Without a calculator copy and complete:

$$4\times2=8$$
$$3\times1 = 3$$
$$2\times0 =$$
$$1\times-1 =$$
$$0\times-2 =$$
$$-1\times-3 =$$
$$-2\times$$
$$-3\times$$
$$-4\times$$
$$-5\times$$

If a = 6, b = -3 and c = -4
find the values of:

$$a + b$$
$$ac$$
$$b - c$$
$$abc$$
$$a + b + c$$
$$bc^2$$
$$(bc)^2$$
$$a^2b^3$$
$$c(b - a)$$
$$b^a$$

## A Mathematics Lesson Starter Of The Day

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Topics: Starter | Negative Numbers | Number

• Transum,
•
• Have you ever tried to explain to pupils why a negative number multiplied by a negative number gives a positive result? It is difficult to find a real world example that makes this concept clear. My favourite method is to use the pattern or sequence generated in the left frame above. Most pupils take this as a good explanation for the product of negatives result. The right frame above is simply a chance to put this knowledge into practice with some directed number questions.
• Stafford,
•
• A negative x a negative:
The way I explain it to the kids if they're struggling to get it is to ignore the minus signs and do the multiplication. So -5 x -8 do as 5x8=40. If you then put 1 minus on the answer it becomes -40. But we have 2 minuses to include so it'll be 40 and we know that a minus and a minus together make a + (I always do adding/subtracting before multiplying/dividing).
• RER, Paris
•
• Great resource, however some of the questions on the left hand side are incomplete eg 0x then there is no other number. Perhaps this could be amended. The same is true if you ask for different numbers.

[Transum: Thank you for your comments. The left column is intended to be an unfinished sequence of calculations that the pupils should complete. By seeing the patterns in the sequence the pupils might gain a better understanding of directed number.]
• Transum,
•
• My octogenarian mother put on odd slippers today. She thought that was a very negative thing to do. If her slippers were the same it would be a more positive thing!

If you remember that you'll have a good way of remembering what happens for division and multiplication. If the numbers have different signs (one positive and the other negative) then the result will be negative. If the signs are the same (either both positive or both negative) the result will be positive.

This notion is for multiplying and dividing only. For adding and subtracting directed numbers refer to the Number Line.

How did you use this starter? Can you suggest how teachers could present or develop this resource? Do you have any comments? It is always useful to receive feedback and helps make this free resource even more useful for Maths teachers anywhere in the world.

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This starter has scored a mean of 3.1 out of 5 based on 249 votes.

Previous Day | This starter is for 15 January | Next Day

 4  x 2 = 83  x 1 = 32  x 0 = 01  x -1 = -10  x -2 = 0-1  x -3 = 3-2  x -4 = 8-3  x -5 = 15-4  x -6 = 24-5  x -7 = 35 3 -24 1 72 -1 -48 144 -972 36 729

Note to teacher: Doing this activity once with a class helps students develop strategies. It is only when they do this activity a second time that they will have the opportunity to practise those strategies. That is when the learning is consolidated. Click the button above to regenerate another version of this starter from random numbers.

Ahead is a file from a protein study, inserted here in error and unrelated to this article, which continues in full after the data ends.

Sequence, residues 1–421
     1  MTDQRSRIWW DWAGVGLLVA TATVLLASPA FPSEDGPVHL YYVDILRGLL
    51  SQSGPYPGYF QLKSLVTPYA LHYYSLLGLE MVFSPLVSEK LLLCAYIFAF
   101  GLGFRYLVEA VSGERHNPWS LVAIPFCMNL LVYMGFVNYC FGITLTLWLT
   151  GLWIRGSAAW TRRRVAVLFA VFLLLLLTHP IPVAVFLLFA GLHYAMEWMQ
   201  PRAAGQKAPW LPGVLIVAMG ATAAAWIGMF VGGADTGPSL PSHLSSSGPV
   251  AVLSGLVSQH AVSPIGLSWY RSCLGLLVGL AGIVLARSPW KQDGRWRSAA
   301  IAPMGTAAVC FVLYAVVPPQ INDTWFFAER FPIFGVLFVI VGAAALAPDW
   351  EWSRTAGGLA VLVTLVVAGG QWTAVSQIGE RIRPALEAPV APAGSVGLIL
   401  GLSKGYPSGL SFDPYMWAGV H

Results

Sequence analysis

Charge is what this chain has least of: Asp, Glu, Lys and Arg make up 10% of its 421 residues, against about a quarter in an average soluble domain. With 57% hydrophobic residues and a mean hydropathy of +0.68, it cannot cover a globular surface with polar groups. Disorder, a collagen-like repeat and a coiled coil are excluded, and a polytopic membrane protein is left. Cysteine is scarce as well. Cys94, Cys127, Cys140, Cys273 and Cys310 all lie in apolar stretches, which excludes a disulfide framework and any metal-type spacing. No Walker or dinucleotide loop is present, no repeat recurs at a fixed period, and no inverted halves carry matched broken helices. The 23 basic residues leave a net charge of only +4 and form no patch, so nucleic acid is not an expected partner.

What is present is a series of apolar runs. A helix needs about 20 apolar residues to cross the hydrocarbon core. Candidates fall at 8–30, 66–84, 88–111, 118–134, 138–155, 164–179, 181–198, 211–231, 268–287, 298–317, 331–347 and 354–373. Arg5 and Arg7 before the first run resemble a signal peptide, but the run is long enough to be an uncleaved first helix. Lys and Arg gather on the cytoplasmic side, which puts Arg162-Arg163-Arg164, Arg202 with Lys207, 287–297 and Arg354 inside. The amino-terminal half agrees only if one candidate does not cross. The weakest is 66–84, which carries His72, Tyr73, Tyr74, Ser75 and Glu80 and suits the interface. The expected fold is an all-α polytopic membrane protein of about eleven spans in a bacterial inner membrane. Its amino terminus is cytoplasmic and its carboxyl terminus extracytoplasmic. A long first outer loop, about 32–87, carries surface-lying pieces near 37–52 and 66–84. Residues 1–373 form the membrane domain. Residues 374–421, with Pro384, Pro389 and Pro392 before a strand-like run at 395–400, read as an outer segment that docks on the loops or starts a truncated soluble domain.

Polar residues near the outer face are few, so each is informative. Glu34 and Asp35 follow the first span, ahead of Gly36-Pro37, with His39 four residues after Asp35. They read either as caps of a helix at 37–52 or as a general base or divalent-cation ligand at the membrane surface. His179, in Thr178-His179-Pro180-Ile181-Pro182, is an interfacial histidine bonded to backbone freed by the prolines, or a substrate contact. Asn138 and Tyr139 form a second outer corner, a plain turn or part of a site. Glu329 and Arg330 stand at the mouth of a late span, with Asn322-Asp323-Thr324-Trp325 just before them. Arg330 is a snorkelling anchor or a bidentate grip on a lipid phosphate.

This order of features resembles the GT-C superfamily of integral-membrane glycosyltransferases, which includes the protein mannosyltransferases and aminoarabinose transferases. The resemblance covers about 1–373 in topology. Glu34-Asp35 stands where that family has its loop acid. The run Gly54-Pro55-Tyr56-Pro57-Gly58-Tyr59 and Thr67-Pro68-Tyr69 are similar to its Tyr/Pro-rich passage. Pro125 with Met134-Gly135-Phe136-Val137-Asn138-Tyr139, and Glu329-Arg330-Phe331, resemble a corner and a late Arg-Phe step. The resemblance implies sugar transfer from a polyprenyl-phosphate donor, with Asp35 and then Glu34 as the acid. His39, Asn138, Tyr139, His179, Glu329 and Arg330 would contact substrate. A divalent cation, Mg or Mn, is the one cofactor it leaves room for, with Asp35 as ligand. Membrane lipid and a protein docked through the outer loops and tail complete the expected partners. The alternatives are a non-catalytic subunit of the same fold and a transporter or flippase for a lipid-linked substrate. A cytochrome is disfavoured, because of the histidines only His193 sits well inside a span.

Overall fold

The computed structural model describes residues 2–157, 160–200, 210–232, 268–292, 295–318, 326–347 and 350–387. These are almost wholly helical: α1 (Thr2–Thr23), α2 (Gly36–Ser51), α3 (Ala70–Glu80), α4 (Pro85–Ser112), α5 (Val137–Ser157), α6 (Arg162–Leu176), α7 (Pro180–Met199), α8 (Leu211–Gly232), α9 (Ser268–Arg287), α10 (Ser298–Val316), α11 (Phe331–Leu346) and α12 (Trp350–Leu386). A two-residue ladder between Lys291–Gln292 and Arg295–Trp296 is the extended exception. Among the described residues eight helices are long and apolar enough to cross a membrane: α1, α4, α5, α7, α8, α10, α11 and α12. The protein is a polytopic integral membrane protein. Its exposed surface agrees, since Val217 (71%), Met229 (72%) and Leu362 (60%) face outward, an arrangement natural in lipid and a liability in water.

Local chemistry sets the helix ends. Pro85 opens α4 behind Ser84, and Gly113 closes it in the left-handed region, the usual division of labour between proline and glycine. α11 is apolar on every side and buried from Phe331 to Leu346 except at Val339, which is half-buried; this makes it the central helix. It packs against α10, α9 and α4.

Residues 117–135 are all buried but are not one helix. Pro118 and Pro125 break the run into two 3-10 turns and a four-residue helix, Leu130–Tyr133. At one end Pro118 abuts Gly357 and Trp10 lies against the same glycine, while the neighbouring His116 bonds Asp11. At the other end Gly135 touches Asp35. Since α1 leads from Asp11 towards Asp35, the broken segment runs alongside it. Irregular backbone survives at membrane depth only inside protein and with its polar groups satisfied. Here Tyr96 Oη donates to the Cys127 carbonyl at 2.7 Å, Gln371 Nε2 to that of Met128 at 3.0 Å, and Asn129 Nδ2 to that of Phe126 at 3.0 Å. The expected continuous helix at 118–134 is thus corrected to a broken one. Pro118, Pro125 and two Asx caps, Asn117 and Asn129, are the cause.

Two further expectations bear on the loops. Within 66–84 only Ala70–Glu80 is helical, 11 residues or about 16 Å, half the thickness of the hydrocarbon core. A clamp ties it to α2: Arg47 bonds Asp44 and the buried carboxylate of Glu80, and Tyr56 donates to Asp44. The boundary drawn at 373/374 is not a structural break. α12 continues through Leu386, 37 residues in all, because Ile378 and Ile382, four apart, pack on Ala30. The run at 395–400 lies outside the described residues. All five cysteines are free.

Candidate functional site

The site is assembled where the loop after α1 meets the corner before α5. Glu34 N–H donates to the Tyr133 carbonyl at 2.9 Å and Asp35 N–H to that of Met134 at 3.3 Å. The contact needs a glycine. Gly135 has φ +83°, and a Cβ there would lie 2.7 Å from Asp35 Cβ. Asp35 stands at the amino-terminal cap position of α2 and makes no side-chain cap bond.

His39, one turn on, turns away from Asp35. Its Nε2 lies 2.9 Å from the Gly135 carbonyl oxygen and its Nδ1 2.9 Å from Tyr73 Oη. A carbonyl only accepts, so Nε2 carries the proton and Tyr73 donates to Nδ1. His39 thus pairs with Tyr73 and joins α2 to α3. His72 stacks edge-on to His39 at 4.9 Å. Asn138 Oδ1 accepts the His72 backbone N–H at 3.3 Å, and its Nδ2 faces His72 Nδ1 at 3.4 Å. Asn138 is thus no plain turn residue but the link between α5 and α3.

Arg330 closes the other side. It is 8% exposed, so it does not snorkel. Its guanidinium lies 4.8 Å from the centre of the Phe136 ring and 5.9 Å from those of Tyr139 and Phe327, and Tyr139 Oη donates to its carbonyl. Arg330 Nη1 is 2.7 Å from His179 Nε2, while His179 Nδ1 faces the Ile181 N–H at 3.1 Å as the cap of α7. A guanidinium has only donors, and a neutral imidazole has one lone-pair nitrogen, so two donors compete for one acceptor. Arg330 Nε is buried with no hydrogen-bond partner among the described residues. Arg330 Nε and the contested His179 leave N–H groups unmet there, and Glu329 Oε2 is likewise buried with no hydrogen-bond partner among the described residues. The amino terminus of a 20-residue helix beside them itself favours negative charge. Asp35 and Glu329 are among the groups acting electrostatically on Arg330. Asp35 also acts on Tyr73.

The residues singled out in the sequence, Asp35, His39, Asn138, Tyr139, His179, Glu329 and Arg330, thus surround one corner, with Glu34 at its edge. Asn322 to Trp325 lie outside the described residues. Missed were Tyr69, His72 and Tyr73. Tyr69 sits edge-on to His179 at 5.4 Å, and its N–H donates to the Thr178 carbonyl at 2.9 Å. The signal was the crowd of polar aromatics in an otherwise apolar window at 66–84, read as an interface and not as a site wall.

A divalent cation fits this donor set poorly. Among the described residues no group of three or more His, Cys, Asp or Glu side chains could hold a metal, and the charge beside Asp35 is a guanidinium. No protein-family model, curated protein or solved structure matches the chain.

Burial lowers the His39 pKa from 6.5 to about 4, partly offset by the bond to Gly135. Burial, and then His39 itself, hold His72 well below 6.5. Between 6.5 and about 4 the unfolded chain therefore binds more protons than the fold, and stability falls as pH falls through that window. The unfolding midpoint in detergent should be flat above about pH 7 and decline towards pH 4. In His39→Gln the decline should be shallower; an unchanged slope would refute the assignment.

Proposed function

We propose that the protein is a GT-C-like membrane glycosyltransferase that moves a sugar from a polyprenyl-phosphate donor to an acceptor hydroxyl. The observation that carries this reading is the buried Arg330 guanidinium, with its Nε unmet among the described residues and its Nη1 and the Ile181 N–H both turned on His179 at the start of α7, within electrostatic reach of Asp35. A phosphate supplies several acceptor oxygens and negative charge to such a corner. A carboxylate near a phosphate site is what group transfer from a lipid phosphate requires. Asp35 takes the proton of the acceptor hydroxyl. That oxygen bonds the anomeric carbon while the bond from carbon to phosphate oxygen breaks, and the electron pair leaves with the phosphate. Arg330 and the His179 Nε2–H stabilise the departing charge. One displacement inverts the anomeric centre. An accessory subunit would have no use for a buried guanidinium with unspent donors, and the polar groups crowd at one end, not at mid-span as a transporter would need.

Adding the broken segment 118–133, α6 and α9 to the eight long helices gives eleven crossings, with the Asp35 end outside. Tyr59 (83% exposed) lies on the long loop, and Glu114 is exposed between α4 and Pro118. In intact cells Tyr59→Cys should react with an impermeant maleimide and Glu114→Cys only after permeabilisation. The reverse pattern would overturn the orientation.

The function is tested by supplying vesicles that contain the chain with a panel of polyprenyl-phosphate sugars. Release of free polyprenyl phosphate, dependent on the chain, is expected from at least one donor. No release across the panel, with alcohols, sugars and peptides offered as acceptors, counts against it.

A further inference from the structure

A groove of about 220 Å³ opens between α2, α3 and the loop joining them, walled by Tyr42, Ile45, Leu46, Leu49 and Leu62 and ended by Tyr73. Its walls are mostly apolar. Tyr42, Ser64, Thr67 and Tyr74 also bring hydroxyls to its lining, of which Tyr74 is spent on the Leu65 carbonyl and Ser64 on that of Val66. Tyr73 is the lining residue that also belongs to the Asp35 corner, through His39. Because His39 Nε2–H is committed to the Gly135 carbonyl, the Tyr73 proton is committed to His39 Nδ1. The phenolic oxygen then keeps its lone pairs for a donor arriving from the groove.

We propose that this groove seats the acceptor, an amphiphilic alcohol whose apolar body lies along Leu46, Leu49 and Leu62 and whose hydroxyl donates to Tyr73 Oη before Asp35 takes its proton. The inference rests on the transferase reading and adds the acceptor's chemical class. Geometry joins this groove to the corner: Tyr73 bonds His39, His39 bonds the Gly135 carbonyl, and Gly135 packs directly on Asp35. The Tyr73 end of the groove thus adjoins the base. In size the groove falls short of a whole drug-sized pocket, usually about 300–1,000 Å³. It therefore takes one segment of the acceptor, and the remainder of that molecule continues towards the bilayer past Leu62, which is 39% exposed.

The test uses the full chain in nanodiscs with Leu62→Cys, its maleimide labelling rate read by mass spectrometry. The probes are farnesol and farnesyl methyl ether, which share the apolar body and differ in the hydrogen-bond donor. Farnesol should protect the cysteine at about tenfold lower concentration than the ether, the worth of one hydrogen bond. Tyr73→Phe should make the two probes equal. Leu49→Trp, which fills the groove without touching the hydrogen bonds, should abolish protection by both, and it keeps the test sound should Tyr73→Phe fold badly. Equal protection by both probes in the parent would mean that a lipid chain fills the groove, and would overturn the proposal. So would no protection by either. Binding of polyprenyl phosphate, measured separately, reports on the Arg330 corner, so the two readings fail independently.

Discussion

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## Have you read Craig's book yet?

Craig Barton must surely be the voice of Mathematics teachers in the UK. His wonderful podcasts interviewing the industry experts have culminated in this wonderful book. As Craig says: "I genuinely believe I have never taught mathematics better, and my students have never learned more. I just wish I had known all of this twelve years ago..." more...

"How I wish I'd taught Maths" is an extraordinary and important book. Part guide to research, part memoir, part survival handbook, it’s a wonderfully accessible guide to the latest research on teaching mathematics, presented in a disarmingly honest and readable way. I know of no other book that presents as much usable research evidence on the dos and don’ts of mathematics teaching in such a clear and practical way. No matter how long you have been doing it, if you teach mathematics—from primary school to university—this book is for you." Dylan Wiliam, Emeritus Professor of Educational Assessment, UCL.

## Casio Classwiz Calculator

There is currently a lot of talk about this new calculator being the best in its price range for use in the Maths classroom. The new ClassWiz features a high-resolution display making it easier to view numerical formulas and symbols but it isn't a graphical calculator as such (it has the capacity to draw graphs on your smart phone or tablet, via a scannable QR code and an app).

As well as basic spreadsheet mode and an equation solving feature you also get the ability to solve quadratic, cubic or quartic polynomial inequalities and the answer is given just as it should be written down, using the correct inequality symbols!

This calculator has a high-performance processor and twice the memory of previous models ensuring speedy operation and superior computational power.more...

 Teacher, do your students have access to computers?Do they have iPads or Laptops in Lessons? Whether your students each have a TabletPC, a Surface or a Mac, this activity lends itself to eLearning (Engaged Learning).

Transum.org/go/?Start=January15

Here is the URL which will take them to a related student activity.

Transum.org/go/?to=Negative

For Students:

For All: